UK set for £100bn of investment from China

Injection may mean more joint ventures like Ineos-Petro�China running Grangemouth oil refinery. Picture: Ian Rutherford
Injection may mean more joint ventures like Ineos-Petro�China running Grangemouth oil refinery. Picture: Ian Rutherford
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China will invest more than £100 billion in Britain’s infrastructure over the next decade in a development described as a “game-changer” for the sector.

A report published by legal firm Pinsent Masons and the Centre for Economics and Business Research (CEBR) found that Britain’s £500bn shopping list of energy, transport and building needs is a prime target for Chinese cash. The North Sea is already seeing investment.

The injection, which will total an estimated £105bn by 2025, is expected to result in a rise in joint ventures such as the existing one between Ineos and Petro­China to run Scotland’s only oil refinery at Grangemouth.

Richard Laudy, head of infrastructure at Pinsent Masons, said: “As the need to modernise the UK’s major infrastructure gets greater by the day, the projected influx of Chinese investment into UK infrastructure will be a welcome boost to the construction industry in particular and UK economy as a whole.

“Our report finds that this level of investment is going to be a game-changer for UK infrastructure. Over recent years we have seen China’s role as an investor evolve from making indirect investments through sovereign wealth funds to Chinese businesses now becoming co-funders, co-developers and co-contractors in major UK ­infrastructure projects.”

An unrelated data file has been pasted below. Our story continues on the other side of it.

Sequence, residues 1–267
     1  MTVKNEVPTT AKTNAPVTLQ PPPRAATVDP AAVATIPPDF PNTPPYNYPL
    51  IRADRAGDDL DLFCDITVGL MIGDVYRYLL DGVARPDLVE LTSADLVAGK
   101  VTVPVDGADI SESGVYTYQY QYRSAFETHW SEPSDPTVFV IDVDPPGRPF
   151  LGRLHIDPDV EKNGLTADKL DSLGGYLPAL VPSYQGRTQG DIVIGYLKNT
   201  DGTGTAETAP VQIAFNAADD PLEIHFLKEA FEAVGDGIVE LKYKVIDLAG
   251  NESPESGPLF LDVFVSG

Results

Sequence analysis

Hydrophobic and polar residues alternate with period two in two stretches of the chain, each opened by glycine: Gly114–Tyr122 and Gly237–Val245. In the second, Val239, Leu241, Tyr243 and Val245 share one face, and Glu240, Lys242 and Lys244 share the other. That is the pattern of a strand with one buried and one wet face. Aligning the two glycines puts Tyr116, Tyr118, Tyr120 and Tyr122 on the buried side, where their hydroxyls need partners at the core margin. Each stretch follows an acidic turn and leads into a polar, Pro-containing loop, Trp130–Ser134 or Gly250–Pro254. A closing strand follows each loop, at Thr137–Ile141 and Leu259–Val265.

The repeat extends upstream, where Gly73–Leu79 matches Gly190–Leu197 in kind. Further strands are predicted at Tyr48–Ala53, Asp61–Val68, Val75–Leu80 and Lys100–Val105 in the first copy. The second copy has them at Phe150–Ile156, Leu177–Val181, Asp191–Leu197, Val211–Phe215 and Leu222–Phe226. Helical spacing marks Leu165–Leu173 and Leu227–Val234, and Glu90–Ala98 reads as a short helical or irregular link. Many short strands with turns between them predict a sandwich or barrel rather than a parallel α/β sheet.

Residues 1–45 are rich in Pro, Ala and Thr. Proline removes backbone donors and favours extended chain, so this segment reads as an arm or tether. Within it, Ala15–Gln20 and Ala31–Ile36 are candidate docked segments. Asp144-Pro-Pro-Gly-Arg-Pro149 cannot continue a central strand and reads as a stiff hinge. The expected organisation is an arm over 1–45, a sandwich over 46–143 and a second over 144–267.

The biggest targets for Chinese capital are likely to be investment in projects including nuclear energy and renewables, such as wind and solar power.

According to the report, Chinese investment in the UK energy sector could exceed £43bn in the next decade, with a further £36bn being pumped into real estate and the transport sector seeing £19bn.

The figures are expected to come on top of money already spent by China in the North Sea, where state-controlled CNOOC paid £9.7bn to acquire Canadian explorer Nexen in 2012. Separately, China’s Sinopec acquired a 49 per cent stake in Talisman Energy’s UK operations. .

Offshore wind farm development and other key renewable power networks are also thought to be targets for ­Chinese firms, with investment set to pick up “significant pace” in the latter half of the forecast period.

The report also suggests China will want to use its vast domestic manufacturing capacity to export equipment and materials for UK infrastructure and real estate projects where it is providing investment.

This development “is expected to change the landscape of the infrastructure industry in the UK as the Chinese enter the supply chain over the next ten years”.

Four out of five of the world’s largest construction and engineering companies are now Chinese, while China is forecast to outgrow the US and become the world’s largest economy in 2030.

Laudy said: “Although the flow of investment from China has already started, we expect this to be the beginning of a major trend as a trickle of major Chinese investment turns into a wave over the coming decade.”